60 years of WWF – nature conservation for a small eternity on earth


For exactly 60 years, the local World Wildlife Fund (WWF) has been fighting with heavy hearts to save the fauna and flora. Numerous successes in the field of animal welfare have already been celebrated.

Animals large and small have been walking along the path of the local WWF since the founding of the local WWF, which was launched in the fall of 1963. Personal favorite of the author of these lines: The butterflies of Zitzmannsdorf!

Their fate is moving: an Ice Age steppe band once stretched from Central Europe to Siberia. To this day, it has left behind small immigrants, such as the vulnerable butterflies found only in meadows in Burgenland. “My courageous champions managed to save the house from today’s winged witnesses in 1988,” says WWF boss Andrea Johanides happily.

But the eco-success story starts at the “Langen Lacke” on Lake Neusiedler! This natural treasure must make way for a bridge. The still very young WWF was able to prevent the construction project. Today the bird paradise is the heart of the UNESCO World Heritage Site.

Another eco-coup: the purchase of the 1,200-hectare Marchegg reserve, which is home to Europe’s largest tree-nesting stork colony.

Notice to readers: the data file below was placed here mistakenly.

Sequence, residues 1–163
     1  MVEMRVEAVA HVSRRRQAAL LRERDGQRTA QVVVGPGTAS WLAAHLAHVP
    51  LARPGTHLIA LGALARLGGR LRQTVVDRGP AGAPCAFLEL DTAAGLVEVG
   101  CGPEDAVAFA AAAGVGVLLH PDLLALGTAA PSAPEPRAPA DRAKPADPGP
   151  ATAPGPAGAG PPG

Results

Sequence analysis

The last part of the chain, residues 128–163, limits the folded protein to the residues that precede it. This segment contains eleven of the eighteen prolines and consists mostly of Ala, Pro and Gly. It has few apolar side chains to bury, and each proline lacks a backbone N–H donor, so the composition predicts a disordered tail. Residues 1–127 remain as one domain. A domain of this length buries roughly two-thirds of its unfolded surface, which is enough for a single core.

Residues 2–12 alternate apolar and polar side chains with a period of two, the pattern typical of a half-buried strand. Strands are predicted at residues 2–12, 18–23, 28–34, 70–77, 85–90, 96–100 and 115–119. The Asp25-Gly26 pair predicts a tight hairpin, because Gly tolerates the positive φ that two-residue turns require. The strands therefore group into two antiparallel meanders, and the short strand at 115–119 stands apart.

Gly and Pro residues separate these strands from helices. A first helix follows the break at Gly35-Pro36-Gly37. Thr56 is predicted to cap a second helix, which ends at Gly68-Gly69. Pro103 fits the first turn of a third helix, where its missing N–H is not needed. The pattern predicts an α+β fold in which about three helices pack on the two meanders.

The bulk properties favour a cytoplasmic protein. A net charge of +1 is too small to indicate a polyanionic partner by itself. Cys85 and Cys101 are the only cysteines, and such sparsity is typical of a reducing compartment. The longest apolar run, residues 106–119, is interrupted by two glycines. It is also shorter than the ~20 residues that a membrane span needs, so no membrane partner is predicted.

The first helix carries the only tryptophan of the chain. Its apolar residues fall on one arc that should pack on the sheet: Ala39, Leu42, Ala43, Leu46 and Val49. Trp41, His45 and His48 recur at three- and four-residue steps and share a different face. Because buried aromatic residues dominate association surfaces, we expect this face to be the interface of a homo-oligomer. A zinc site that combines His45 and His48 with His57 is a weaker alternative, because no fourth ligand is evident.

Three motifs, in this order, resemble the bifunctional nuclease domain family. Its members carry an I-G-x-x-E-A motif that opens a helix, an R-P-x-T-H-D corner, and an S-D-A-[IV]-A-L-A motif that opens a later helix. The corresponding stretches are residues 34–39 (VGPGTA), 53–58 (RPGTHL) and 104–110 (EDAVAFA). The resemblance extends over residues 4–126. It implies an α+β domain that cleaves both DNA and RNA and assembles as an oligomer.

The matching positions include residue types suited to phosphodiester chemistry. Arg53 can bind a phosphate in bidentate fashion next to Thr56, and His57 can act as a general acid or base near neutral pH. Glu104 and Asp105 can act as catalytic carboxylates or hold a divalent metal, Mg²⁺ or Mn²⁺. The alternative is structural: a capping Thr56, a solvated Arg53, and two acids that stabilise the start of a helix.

“Krone” founder Dichand helped rescue Auen
But there is still the miracle of Hainburg. In 1984, a mega-power plant threatened to cut off the waterways of these valuable Danube paradises. The WWF quickly started the ‘Save the Au’ campaign. In the December cold, thousands of environmental activists occupy the endangered paradise. “Krone” founder Hans Dichand supported the heroic struggle of hundreds of thousands of readers with his heart and soul. One of the many successes…

Support from abroad
There was also support from Britain’s legendary Prince Philip, who honored both local conservationists and Prince Bernhard of the Netherlands.

“Prince Philip was a passionate conservationist who repeatedly raised his voice to warn us. We will never forget his efforts for the bird paradise Lange Lacke and against the devastating Hainburg power station. “In doing so, he has made a valuable contribution to the current Donauauen National Park,” WWF Lady Johanides gratefully recalls. During his last visit in October 1993 – on the occasion of the WWF’s 30th anniversary – Philip reiterated his personal opposition in legendary words: “There is no variant of a power plant that would be compatible with a national park.”

But the island’s royal family wasn’t the only nobleman the WWF honored. At the opening of the Marchegg floodplain reserve in 1970, Prince Bernhard of the Netherlands, president of the World Wildlife Fund, honored local panda activists.

Source: Krone


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